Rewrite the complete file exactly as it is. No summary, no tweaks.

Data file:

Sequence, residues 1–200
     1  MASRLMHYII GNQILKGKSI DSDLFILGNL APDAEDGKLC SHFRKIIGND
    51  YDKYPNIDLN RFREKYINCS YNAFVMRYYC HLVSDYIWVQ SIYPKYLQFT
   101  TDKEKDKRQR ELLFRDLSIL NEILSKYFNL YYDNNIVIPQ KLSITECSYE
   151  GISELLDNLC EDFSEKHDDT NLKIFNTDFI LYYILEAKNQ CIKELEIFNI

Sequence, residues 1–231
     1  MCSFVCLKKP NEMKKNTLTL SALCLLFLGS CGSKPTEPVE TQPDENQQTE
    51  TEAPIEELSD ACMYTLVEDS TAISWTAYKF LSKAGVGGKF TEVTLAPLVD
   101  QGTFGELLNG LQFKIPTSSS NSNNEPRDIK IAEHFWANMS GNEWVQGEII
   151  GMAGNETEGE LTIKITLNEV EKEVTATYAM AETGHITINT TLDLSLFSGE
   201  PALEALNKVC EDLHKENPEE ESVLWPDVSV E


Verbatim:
Sequence, residues 1–200
     1  MASRLMHYII GNQILKGKSI DSDLFILGNL APDAEDGKLC SHFRKIIGND
    51  YDKYPNIDLN RFREKYINCS YNAFVMRYYC HLVSDYIWVQ SIYPKYLQFT
   101  TDKEKDKRQR ELLFRDLSIL NEILSKYFNL YYDNNIVIPQ KLSITECSYE
   151  GISELLDNLC EDFSEKHDDT NLKIFNTDFI LYYILEAKNQ CIKELEIFNI

Sequence, residues 1–231
     1  MCSFVCLKKP NEMKKNTLTL SALCLLFLGS CGSKPTEPVE TQPDENQQTE
    51  TEAPIEELSD ACMYTLVEDS TAISWTAYKF LSKAGVGGKF TEVTLAPLVD
   101  QGTFGELLNG LQFKIPTSSS NSNNEPRDIK IAEHFWANMS GNEWVQGEII
   151  GMAGNETEGE LTIKITLNEV EKEVTATYAM AETGHITINT TLDLSLFSGE
   201  PALEALNKVC EDLHKENPEE ESVLWPDVSV E